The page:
How to Get Rid of Bees in Tennessee
Bumble bees are responsible for nearly 80% of all plant pollination globally, which makes them the most influential single-species pollinators of our food crops. Unfortunately, due to harmful pesticides introduced into farmland and habitat loss, bumble bees are declining at an unprecedented rate.
At U.S. Pest Protection, we take the well-being of bees seriously, which is why we work hard to safeguard them in Tennessee. Although having a bumble bee hive or swarm near your home can be frightening, these insects are generally calm and keep to themselves unless they feel threatened. Rather than attempting to harm any bees in your vicinity, our bee experts are at the ready to help you relocate the hive safely.
To help you cohabitate with bees near you, our certified pest control specialists have put together this guide on what you can do to ward off bees from getting close to you or your family.
Keep Bees at Bay the Humane Way
As a rule of thumb, it’s best not to swing at or swat at a bee flying near you. As mentioned before, bumble bees only attack when they feel threatened, so staying calm around them and vacating the vicinity is your best bet. However, you can do a few things to ensure bees aren’t attracted to you or your outdoor common areas, which makes the chances of you getting stung far less likely. Here are some tips to follow:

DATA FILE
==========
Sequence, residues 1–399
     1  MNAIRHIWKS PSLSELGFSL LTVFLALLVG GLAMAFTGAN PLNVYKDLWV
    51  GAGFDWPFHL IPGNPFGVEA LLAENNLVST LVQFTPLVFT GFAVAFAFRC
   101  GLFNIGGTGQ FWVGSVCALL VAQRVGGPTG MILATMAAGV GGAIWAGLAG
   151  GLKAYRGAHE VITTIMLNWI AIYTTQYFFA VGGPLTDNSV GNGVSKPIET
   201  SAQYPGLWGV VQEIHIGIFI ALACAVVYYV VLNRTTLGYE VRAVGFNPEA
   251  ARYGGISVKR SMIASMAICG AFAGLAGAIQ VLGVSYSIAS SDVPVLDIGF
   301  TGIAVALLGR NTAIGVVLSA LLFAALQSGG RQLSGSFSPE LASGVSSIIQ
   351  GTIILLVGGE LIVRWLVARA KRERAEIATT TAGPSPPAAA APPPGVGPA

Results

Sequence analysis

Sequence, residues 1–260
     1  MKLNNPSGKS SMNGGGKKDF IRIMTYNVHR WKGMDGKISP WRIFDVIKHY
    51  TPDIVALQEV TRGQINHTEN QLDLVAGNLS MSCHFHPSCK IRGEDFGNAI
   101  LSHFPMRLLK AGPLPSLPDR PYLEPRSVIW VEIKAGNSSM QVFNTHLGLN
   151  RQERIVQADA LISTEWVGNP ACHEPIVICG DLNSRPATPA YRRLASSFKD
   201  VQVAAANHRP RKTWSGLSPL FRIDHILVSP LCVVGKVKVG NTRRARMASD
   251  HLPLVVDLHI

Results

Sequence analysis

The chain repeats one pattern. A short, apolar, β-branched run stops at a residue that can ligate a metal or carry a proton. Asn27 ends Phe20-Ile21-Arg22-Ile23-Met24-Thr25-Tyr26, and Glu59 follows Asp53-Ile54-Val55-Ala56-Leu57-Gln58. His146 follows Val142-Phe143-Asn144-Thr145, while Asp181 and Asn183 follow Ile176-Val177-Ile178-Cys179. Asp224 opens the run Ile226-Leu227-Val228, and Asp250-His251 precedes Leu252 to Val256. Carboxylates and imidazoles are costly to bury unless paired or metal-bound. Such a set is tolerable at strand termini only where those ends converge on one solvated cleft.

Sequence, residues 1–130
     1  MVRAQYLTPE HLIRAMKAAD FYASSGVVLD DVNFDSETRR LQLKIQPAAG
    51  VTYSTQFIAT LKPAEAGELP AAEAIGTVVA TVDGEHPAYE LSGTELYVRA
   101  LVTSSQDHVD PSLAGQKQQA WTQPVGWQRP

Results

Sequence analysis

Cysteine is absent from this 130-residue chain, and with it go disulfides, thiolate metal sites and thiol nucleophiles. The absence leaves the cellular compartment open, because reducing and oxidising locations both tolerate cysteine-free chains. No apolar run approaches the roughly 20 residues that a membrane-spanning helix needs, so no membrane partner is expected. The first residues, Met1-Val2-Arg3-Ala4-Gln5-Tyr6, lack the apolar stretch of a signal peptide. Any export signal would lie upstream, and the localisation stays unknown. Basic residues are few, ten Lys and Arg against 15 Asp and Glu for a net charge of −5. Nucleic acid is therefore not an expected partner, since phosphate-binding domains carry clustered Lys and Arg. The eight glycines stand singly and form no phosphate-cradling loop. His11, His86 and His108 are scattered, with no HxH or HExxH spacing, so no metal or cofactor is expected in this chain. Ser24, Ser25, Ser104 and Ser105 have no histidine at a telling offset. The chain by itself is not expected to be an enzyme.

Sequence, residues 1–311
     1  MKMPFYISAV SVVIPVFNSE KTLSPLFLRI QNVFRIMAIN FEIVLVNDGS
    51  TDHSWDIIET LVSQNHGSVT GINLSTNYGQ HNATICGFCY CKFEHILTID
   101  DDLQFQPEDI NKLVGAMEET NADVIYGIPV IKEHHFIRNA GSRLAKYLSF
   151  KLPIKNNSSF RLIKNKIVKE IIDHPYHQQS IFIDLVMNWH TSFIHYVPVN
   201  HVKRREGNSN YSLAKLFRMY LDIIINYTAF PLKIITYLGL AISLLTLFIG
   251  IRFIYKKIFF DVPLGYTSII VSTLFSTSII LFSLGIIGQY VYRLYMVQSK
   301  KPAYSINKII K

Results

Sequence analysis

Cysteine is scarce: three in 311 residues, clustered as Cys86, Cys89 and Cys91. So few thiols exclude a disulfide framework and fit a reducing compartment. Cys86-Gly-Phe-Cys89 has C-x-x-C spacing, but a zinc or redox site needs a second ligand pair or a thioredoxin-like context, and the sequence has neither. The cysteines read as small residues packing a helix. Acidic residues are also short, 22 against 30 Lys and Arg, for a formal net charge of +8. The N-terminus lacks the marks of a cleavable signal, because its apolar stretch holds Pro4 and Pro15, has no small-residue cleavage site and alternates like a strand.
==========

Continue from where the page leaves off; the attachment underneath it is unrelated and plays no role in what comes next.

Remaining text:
- Relocate floral arrangements or potted flowers away from frequented outdoor areas.
- Avoid wearing brightly colored clothing or floral-patterned garments outdoors.
- Avoid wearing perfume, cologne, or scented lotion if you’re spending time outside.
- Place outdoor food in airtight containers when not being eaten.
- Dispose of trash or spills immediately in a bin with a sealable lid.
Note: If you have bees in your area and you or one of your family members are allergic to bee stings, seek shelter immediately and call U.S. Pest Protection.
Garden with Bee-Deterring Plants
Tennessee bees are most attracted to native plants, so it’s best to check with the Tennessee Native Plant Society to learn about what types of plants to avoid growing near your outdoor common areas. Like wasps, bees are deterred from plants that have off-putting scents, plants with little nectar, and plants that feature red flowers. (Bees can’t perceive the color red, but they can see orange and yellow.) These plants include:
- Red Geraniums
Wait Out Summertime Swarms
You don’t have to have a beehive near you to deal with a bee infestation. During the summer months, bees can outgrow their nests and cluster together to find a new home. Known as swarming, large groups of bees can temporarily shelter on decks, walls, tree branches, or in mid-air while a few members of the colony search for a more permanent place to build a new nest. Fortunately, swarms only last around 48 hours, and people are rarely stung by a bee during these swarms. If a swarm is happening near you, waiting it out is the safest and most humane solution.
Contact U.S. Pest Protection to Relocate Bees Near You
If bees are being a bother near you, U.S. Pest Protection is here to ensure you and your family stay protected while the bees are relocated safely. Get in touch with one of our certified pest technicians today for bee control in Tennessee!